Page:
cmoibenlepro there is a difference between standing in line in rush hours and going to stand in line quite early in the morning to be able to buy milk and bread.

Canada is in no way a capitalist nation. No welfare state is capitalist


DoctorCosmonaut there was a rise in crime after the collapse of Soviet Union. Yet on average now the crime levels are down to what they where or even lower since free trade and free markets has allowed the creation of wealth.

LeftyHenry then how are people able to buy cars? If poor in America can not afford to buy cars then what are the rest of the world suppose to be like? How exactly by the Marxist theory is the working class able to improve their lives in Estonia?

Well thankfully I did not have to live under Stalin. Stalin did not only take away food from the wealthy kulaks but also from the poor peasants and causing for example the Ukraine famine.

Also about production quotas. Output can soar but the question is how can we predict exactly what needs to be produced under communism. Capitalism has a price system that tells the entrepreneur where exactly are surpluses and deficits. This system did not exist in Soviet Union and therefore there was always a shortage of at least some goods.
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Defected to the U.S.S.R.: 27 Oct 2006, 23:10
Politburo
Post 05 Jan 2007, 02:13
Quote:
Well thankfully I did not have to live under Stalin. Stalin did not only take away food from the wealthy kulaks but also from the poor peasants and causing for example the Ukraine famine.


False.

Quote:
Also about production quotas. Output can soar but the question is how can we predict exactly what needs to be produced under communism. Capitalism has a price system that tells the entrepreneur where exactly are surpluses and deficits. This system did not exist in Soviet Union and therefore there was always a shortage of at least some goods.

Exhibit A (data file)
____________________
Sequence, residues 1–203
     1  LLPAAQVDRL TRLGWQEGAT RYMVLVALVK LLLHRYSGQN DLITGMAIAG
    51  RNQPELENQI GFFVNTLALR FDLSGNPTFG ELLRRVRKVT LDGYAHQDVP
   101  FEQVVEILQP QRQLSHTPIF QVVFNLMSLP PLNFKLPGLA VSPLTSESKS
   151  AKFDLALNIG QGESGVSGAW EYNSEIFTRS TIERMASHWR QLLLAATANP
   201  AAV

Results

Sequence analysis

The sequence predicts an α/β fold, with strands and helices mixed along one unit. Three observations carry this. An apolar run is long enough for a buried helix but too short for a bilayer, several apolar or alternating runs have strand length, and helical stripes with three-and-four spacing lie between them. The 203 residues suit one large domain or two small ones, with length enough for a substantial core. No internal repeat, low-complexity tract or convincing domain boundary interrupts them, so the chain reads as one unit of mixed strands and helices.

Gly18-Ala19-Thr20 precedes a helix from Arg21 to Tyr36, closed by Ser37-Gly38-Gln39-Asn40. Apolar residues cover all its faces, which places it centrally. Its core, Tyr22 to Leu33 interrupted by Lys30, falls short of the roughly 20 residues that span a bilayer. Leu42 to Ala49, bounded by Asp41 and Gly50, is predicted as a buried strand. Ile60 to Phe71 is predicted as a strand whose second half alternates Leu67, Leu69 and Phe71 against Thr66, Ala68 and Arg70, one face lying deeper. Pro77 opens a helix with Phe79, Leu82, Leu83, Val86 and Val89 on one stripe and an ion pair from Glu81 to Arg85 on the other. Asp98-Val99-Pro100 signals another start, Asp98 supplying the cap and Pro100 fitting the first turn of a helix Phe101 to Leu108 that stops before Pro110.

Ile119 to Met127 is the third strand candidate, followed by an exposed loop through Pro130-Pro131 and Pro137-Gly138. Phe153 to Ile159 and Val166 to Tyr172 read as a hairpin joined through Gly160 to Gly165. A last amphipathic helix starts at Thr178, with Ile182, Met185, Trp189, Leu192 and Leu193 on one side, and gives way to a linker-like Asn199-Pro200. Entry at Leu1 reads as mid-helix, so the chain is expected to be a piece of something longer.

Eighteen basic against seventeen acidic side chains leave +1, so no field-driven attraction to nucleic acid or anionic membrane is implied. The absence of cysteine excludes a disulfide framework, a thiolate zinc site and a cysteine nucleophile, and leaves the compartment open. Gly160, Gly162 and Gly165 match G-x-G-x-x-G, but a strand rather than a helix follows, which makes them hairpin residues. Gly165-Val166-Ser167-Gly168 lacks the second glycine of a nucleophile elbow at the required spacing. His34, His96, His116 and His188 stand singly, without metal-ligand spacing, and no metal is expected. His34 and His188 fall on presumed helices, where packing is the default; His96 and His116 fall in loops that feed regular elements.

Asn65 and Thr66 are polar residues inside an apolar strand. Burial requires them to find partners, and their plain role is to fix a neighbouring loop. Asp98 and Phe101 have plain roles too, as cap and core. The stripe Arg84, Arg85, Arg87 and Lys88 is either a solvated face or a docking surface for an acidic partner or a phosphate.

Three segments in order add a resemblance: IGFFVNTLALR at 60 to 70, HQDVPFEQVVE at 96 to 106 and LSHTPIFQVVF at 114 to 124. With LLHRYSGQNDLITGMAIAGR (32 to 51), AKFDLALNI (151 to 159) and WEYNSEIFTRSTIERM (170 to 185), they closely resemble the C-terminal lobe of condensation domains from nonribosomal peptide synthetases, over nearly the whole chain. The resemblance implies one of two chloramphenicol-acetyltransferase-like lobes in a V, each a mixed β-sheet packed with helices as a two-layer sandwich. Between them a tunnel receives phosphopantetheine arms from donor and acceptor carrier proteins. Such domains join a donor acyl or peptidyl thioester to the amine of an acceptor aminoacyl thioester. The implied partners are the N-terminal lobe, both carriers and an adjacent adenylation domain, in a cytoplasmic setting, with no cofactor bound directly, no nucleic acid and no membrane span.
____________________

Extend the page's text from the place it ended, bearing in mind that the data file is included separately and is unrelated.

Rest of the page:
Computers.
Soviet cogitations: 581
Defected to the U.S.S.R.: 04 Jan 2007, 10:52
Komsomol
Post 05 Jan 2007, 02:33
Fitzy state your source. Since I have seen links from wikipedia or references to it I will state wikipedia article http://en.wikipedia.org/wiki/Famine_in_ ... d_outcomes

How exactly can you predict or see the need for goods. Please explain the theory to me or at least point me towards an academic study of the subject.

Different goods have different values. Those values are subjective and depend on preferred time on consumption which is again subjective. How exactly is a computer able to calculate those subjective needs of the people?
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Soviet cogitations: 4032
Defected to the U.S.S.R.: 27 Oct 2006, 23:10
Politburo
Post 05 Jan 2007, 03:06
Quote:
Fitzy state your source. Since I have seen links from wikipedia or references to it I will state wikipedia article http://en.wikipedia.org/wiki/Famine_in_ ... d_outcomes


Ok Ill edit this post in a second when i find it.

Quote:
Different goods have different values. Those values are subjective and depend on preferred time on consumption which is again subjective. How exactly is a computer able to calculate those subjective needs of the people?


Consumer input?
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User avatar
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Defected to the U.S.S.R.: 27 Oct 2006, 23:10
Politburo
Post 05 Jan 2007, 03:08
Quote: